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FiveThirtyEight

Politics

Democrats, since last November’s election, have generally taken a much more aggressive and interventionist position on handling the ongoing economic crisis. It is generally assumed that this is simply because Democrats are more comfortable with the idea of governmental intervention into the economy in general, and that, to quote Stanford economist Paul Romer, a crisis is a terrible thing to waste.

Are there perhaps however less abstract reasons why Democrats have been calling for a greater response to the recession? Namely, is the economic crisis worse in blue states?

The answer is “perhaps”, although it depends on what you mean by “blue state”.

Below is a chart, with the 50 states sorted by their present unemployment rate. The unemployment rates are listed alongside six measures of the partisan makeup of the state: its vote for President in 2008, the current makeup of its delegation to the U.S. Senate and the U.S. House, the partisan affiliation of its governor, and the partisan affiliation of the upper and lower chambers of its state house. Instances where there has been a change in partisan control since last November are indicated with an asterisk.

President. States that voted for Barack Obama indeed have higher unemployment rates. On average, 8.2 percent of their citizens are unemployed, an increase of 3.7 percent since the recession began. By contrast, the unemployment rate is 6.9 percent in the average McCain state, an increase of 3.7 percent. It also appears, however, that the depth of the recession in particular states may have been a factor in getting Barack Obama elected. Of the six states that voted for George W. Bush in 2004 and which currently have unemployment rates of 9.4 percent or higher, five — North Carolina, Nevada, Florida, Indiana and Ohio — changed their vote to Barack Obama in 2008.

U.S. Senate. There is essentially no relationship between unemployment rate and the makeup of a state’s delegation to the U.S. Senate. States with two Democratic senators have an average unemployment rate of 7.7%, whereas states with two Republican senators and states with a split delegation each have an unemployment of 7.5%.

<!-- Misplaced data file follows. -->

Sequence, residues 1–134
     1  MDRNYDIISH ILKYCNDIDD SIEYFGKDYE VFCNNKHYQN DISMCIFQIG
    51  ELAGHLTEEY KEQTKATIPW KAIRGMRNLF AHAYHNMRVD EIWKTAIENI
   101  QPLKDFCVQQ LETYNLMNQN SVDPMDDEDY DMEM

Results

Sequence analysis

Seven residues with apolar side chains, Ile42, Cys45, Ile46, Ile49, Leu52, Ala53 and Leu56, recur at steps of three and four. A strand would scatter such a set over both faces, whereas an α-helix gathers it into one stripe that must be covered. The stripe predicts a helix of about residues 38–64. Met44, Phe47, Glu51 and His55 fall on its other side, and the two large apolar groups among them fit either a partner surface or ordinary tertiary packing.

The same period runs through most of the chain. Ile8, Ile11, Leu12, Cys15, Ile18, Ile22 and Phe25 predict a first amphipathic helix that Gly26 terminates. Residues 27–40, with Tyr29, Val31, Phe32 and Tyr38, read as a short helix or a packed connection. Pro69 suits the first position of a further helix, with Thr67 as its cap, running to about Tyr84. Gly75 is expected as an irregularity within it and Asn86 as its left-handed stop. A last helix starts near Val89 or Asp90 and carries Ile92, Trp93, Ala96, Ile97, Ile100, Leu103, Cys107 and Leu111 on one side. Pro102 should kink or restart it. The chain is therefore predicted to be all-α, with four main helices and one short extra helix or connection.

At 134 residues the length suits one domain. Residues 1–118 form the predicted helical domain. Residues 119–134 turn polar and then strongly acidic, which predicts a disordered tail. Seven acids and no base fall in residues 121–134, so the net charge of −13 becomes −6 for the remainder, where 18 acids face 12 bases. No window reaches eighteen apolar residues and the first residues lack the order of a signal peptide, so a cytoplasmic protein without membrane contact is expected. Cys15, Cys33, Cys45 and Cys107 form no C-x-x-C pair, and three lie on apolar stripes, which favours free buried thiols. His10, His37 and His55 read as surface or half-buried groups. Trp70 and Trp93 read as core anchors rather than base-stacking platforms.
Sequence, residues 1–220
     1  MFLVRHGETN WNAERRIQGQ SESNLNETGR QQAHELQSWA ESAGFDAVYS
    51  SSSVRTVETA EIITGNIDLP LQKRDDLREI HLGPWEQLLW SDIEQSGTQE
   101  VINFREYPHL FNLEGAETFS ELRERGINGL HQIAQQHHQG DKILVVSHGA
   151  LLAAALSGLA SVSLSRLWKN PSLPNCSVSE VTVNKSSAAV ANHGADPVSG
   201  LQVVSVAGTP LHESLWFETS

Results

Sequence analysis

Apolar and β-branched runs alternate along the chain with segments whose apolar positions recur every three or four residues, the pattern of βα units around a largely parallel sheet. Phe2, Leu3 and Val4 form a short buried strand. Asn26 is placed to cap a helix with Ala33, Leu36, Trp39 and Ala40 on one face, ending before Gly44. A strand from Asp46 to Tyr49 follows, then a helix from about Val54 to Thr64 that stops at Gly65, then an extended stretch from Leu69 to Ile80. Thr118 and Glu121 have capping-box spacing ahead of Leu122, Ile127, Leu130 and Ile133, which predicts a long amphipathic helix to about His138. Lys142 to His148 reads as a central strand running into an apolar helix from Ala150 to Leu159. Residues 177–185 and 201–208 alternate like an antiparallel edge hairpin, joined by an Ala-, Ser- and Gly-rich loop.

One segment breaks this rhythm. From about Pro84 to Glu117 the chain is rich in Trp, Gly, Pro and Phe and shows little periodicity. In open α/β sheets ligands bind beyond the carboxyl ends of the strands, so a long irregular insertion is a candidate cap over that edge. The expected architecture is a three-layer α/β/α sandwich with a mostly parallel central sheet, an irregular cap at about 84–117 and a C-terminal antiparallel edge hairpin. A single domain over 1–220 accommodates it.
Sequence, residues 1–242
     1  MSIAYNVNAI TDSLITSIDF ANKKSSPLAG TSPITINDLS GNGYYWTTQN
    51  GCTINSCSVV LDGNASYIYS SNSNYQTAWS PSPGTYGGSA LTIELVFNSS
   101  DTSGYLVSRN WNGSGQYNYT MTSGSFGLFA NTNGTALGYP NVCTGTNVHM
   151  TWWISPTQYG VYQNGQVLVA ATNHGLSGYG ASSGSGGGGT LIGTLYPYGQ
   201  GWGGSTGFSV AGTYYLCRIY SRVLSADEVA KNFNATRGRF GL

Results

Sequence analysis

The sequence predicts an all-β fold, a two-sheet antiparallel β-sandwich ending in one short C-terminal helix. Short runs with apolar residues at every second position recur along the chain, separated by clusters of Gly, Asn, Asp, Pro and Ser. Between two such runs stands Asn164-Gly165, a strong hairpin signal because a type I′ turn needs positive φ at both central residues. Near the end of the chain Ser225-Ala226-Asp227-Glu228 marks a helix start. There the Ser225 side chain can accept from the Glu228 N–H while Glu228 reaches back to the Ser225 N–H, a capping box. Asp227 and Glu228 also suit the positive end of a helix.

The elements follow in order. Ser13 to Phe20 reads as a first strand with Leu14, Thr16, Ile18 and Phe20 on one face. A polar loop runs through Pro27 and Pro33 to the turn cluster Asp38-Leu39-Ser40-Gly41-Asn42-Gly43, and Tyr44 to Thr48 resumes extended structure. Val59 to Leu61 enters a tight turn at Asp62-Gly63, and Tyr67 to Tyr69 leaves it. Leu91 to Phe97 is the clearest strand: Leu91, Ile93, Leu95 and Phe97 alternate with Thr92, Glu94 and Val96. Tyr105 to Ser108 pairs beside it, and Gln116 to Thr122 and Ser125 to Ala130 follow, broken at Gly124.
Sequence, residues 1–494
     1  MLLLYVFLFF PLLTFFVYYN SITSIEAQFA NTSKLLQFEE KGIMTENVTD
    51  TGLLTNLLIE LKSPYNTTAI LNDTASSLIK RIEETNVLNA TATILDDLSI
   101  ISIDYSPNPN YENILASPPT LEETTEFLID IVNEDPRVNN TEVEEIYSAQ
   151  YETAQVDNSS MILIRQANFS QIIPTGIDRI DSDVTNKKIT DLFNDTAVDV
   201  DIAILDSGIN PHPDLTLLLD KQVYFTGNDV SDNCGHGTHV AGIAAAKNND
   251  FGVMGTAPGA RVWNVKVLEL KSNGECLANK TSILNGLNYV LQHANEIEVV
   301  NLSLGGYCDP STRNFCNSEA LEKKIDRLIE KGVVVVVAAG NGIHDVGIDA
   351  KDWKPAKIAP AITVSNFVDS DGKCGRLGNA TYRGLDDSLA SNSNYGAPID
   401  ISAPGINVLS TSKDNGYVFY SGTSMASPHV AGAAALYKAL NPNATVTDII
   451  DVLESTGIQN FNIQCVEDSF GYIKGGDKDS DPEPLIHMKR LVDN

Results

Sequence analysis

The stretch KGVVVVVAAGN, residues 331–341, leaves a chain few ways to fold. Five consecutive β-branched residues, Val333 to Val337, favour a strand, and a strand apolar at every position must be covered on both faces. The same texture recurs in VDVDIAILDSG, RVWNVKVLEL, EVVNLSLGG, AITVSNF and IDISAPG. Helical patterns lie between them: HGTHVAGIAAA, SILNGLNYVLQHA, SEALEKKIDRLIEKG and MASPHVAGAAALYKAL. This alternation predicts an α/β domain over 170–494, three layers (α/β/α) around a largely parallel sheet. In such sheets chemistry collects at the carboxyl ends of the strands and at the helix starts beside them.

U.S. House. There is, however, a more noticable difference in the makeup of delegations to the lower chamber. States with Democratic-majority delegations have an unemployment rate of 7.9%, versus 7.1% for Republican-majority delegations. It would be more useful, of course, if we could examine this data on a Congressional District basis, but such information is not readily available. Still, this may be a small factor in explaining the differential response between the House and Senate Republicans toward matters like the stimulus.

Governor. Governorships frequently break with the overall partisan trend in a state: note that Rhode Island, Hawaii and California have Republican governors, while Oklahoma, Kentucky and Wyoming have Democratic governors. In any event, there is little relationship between unemployment rate and a state’s governorship. States with Republican governors have an unemployment rate of 7.7%, on average, and Democratic governors 7.5%.

State Legislatures. States in which the lower state house is controlled by Democrats have higher unemployment rates — 8.0% versus 6.7% for the Republican-led states. The difference is smaller when examining the upper chambers (7.8% versus 7.4%), as high-unemployment states like Michigan and Ohio still have Republican-controlled state senates. Interestingly, the eight states where the upper and lower houses are divided (Michigan, Indiana, Ohio, Kentucky, Tennessee, Alaska, Pennsylvania, Virgina and Montana) are having a particularly difficult go of things, as their unemployment rates average 8.6% percent.

Conclusions? I’ll leave you to draw your own, but the fact that states which have been hit harder by the recession appear to have some greater tendency toward electing Democrats may be a small factor in shaping the contours of the debate.

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